The dreaded April 15 deadline is creeping up. Many who owe taxes and wait until the last minute may be in for a big surprise in the form of an IRS letter stating that the taxes have already been filed and a refund has already been collected.
How is this possible? Unfortunately, it means you are a victim of tax identity fraud, and clearing up this mistake is going to cost you plenty of time and aggravation. The average tax fraud incident takes the IRS eight months to a year to straighten out. According to the Treasury Inspector General for Tax Administration report, 125 million tax returns were filed online in 2013. That is almost double the amount filed in 2012. It’s not surprising that 93 percent of all fraudulent tax returns are filed online. Criminals gain personal information to commit identity theft in various ways to file fraudulent tax returns. They have developed different strategies to manipulate tax returns, including:
- Filing a return in a child’s name.
- Submitting taxes for someone whose income doesn’t merit a return.
- Filing under the names of deceased individuals.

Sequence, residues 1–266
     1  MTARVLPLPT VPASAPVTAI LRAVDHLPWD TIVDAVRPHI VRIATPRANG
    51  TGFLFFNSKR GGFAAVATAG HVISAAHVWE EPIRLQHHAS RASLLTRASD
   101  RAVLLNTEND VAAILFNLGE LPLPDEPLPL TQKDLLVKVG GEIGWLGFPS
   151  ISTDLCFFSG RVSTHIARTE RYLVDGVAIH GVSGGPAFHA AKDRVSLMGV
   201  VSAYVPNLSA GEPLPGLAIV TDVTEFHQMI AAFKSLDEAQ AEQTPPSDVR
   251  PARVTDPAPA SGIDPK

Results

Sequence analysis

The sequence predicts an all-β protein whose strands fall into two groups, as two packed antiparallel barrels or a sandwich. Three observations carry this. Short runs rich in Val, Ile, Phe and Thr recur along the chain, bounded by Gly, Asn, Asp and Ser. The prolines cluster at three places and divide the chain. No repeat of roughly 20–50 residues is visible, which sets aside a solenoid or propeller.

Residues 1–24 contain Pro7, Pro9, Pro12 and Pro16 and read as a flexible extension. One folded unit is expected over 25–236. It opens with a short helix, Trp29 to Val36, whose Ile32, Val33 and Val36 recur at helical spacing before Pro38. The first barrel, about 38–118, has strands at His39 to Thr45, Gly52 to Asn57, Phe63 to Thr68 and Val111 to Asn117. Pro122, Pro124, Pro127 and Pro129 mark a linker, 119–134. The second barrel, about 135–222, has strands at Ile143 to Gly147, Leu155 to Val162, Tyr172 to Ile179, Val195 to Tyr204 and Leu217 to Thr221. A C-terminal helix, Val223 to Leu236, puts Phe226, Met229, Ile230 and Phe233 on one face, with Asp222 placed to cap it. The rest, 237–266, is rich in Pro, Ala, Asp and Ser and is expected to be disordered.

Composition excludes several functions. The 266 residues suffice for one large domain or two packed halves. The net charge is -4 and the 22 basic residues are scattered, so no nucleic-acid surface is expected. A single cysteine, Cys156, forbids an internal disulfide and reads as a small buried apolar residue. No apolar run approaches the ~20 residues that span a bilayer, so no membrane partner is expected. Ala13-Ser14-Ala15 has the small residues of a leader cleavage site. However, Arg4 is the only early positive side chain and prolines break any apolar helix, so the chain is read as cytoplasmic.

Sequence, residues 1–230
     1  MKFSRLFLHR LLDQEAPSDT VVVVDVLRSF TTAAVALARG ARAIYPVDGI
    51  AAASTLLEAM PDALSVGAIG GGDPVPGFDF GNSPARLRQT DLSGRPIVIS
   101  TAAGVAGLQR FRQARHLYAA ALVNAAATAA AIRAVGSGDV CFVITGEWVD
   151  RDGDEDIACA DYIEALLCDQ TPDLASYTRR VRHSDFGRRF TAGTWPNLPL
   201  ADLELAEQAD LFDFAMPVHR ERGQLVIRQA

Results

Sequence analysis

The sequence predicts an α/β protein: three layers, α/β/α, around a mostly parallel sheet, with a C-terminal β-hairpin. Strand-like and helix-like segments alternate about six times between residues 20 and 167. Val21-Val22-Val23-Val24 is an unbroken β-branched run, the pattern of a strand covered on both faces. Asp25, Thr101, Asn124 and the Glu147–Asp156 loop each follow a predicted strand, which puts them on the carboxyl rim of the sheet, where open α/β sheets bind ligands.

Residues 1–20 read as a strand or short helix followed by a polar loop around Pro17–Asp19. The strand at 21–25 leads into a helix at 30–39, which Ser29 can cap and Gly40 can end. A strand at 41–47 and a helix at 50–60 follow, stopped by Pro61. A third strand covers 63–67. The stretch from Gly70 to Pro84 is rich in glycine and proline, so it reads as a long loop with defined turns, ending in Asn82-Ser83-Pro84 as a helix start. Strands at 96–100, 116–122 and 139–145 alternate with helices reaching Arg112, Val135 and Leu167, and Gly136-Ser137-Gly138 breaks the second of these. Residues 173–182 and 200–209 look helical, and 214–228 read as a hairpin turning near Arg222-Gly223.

- Prisoners filing fraudulent tax returns (more every year).
- Electing to receive returns on pre-paid cards that are then turned into cash.
- Compromising legitimately filed returns online by stealing associated names, Social Security numbers and banking information.
- In the first half of 2013 alone, 1.6 million taxpayers were affected by identity theft.
- The IRS gave away nearly $4 billion in fraudulent tax refunds in 2012 according to a 2013 report by the Treasury Inspector General.
If you wait until the last minute to file your taxes, the odds of becoming a tax identity fraud victim grow. If you discover someone else has illegally filed a return in your name, you will be left to deal with the hassle of reporting the crime to the IRS, filing a proper return and protecting your data and identity from fraudulent use.
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